Wind energy development increases personal income and employment In rural areas

by TXsharon on September 16, 2012

in Alternative energy, sustainability

Arché winery in Montague County with wind farm in background. Dallas Morning News photo

 

A new study by five researchers, published in the current issue of Energy Economics, found “that for each megawatt of wind capacity,a county gains half a job and just over $11,000 in total personal income.”

The Economic Impact of Wind Energy

The economists looked at wind capacity installed from 2000 to 2008 in 12 states: Iowa, Kansas, Minnesota, Nebraska, North Dakota, South Dakota, New Mexico, Oklahoma, Texas, Colorado, Montana, and Wyoming. In all, the study area included 1,009 counties.

The researchers found that for every megawatt of wind power capacity installed, total county personal income increased by $11,150 over the 2000 to 2008 period.

And, for every megawatt of wind energy installed in a county, one half of a job was created.

In some rural counties employment rose 1.4%.

The new wind turbines at UNT are producing more electricity than expected. And they are not emitting any greenhouse gases or toxic emissions, nor have they contaminated any water or land.

UNT has launched a new website to track data about the wind turbines.

Together the turbines have generated 155,003 kilowatts of renewable energy since February, according to the Northern Power website.

They need a year’s worth of data before it will be useful to researchers.

NRDC has more information about wind energy and jobs.

Our research finds that just one typical wind farm of 250-MW creates 1,079 direct jobs over the lifetime of the project. Already 25 projects of similar or greater size have already been built in the U.S., and another 100 wind projects sized from 150-MW to 250-MW are in operation.

I’m pretty sure NRDC doesn’t count the new prostitute jobs or the strippers like the fracking industry does.

UPDATED to address some comments: You can learn more about wind energy from the government site, Wind Powering America. They do yearly studies and you can read the latest one here.

Basically, if we took some of the billions in corporate welfare away from the frackers and gave it to wind and solar, we could make the switch to truly clean energy much faster. Don’t let anyone from Bowie, Connecticut, Arlington, VA blow smoke up your backside.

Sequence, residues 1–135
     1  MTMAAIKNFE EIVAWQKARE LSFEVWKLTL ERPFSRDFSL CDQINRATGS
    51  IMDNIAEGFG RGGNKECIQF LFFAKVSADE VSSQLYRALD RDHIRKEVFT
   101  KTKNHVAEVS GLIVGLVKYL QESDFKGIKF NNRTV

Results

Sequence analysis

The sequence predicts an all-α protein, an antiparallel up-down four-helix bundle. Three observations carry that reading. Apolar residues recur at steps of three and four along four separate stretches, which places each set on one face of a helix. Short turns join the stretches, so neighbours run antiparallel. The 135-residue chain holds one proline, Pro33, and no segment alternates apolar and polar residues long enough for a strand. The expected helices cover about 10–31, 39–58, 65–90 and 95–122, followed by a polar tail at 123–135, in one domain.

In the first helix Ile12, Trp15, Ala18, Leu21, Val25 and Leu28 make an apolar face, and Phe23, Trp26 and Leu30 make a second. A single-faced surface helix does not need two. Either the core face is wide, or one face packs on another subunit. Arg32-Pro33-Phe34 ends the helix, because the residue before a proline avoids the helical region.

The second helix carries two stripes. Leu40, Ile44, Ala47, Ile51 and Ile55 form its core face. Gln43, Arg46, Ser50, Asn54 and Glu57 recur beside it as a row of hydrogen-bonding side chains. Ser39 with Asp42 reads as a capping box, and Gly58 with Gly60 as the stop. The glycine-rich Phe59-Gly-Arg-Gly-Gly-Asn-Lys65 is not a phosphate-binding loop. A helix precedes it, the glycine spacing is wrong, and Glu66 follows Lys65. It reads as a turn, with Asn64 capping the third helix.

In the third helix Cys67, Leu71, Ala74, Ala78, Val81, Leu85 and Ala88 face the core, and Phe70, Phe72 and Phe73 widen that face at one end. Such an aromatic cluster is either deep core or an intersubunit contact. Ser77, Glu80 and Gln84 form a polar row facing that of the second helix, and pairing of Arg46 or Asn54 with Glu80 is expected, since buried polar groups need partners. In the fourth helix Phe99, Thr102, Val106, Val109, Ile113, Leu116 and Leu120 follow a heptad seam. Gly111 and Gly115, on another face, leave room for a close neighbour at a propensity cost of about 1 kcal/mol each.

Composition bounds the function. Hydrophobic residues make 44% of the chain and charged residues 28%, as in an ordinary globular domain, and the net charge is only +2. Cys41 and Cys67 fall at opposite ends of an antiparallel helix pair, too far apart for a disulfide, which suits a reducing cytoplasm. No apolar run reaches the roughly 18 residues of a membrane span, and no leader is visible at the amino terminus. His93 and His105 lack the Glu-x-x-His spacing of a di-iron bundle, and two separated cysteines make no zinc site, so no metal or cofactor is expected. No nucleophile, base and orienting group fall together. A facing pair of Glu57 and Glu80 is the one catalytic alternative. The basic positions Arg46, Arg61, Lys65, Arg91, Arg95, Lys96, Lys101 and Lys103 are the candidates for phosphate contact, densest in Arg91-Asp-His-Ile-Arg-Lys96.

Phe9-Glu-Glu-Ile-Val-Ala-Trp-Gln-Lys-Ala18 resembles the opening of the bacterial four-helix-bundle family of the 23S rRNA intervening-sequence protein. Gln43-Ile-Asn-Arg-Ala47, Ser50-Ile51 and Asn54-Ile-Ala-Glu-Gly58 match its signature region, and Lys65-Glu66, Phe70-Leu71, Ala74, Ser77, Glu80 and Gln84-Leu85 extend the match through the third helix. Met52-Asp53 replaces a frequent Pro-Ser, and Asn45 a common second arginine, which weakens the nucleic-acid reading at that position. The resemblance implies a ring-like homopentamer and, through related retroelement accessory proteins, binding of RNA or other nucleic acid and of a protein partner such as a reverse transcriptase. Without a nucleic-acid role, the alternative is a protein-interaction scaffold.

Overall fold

I am the proud user of 100% wind energy.

{ 19 comments… read them below or add one }

kim Feil September 16, 2012 at 5:16 pm

I’m pretty sure NRDC doesn’t count the meth sales created like the fracking industry does.

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Donna September 17, 2012 at 10:52 am

Lots of problems with wind. Carbon footprint isn’t much better – lots of steel and shipping (fossil fuels and mining) and then there is the surface disturbance. Its worse than a gas well.

Also the economics are upside down. Wind producers pay the grid to take the power at night when it blows so they can collect the gov subsidy. This negative pricing crowds out baseload power and makes our electric bill higher.

I am for alternative energy but the gov has picked a loser. Nat gas will bridge the gap until we have a real market based solution.

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TXsharon September 17, 2012 at 11:08 am

Obviously you don’t have a gas well near you.

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Donna September 17, 2012 at 12:17 pm

Wouldn’t pass judgement until you had the facts. We have two wells on our family cattle ranch near Bowie. And mineral rights were severed so im not getting rich. What i can tell you is they built 3 new gates, improved my roads, built a pond,paid for water, and gave us about 4k worth of steel my husband used to repair our barn.

I can also tell you each well will produce 3-6 x the energy of one wind mill. And i dont have to see/hear it. Oh and i dont smell any bad smells or see any pollution.

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TXsharon September 17, 2012 at 1:25 pm

So you have been exceedingly lucky, so far. I hope your luck holds out as the wells age because leaks increase as the casing deteriorates and the equipment wears out. I hope they don’t have to put a compressor station on your property.

But what about those of us who haven’t been so lucky? Is it just tough luck for us? Are we supposed to bear the financial loss from damaged property and health? Are you okay with certain people making enormous sacrifices for the greater good? What if that becomes you some day? What happens when water gets so scarce the choice is fracking or growing food? Oh never mind, we are already faced with that choice.

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Donna September 17, 2012 at 3:34 pm

Fracking or growing food? That’s a false choice. I’m just saying wind mills aren’t the answer for the reasons i put forth. Listen I’m opposed to harming the environment, i’m just think we need to do an honest cost-benefit. Dont throw your weight blindly behind windmills because Sierra Club says so. They engage in the same pay-for-play politics that the oil companies do. Wind mills arent any better for the environment. From experience i csn tell you they are worse!

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TXsharon September 17, 2012 at 4:06 pm

It’s so interesting to me that you say you are from Bowie yet your IP address says Connecticut.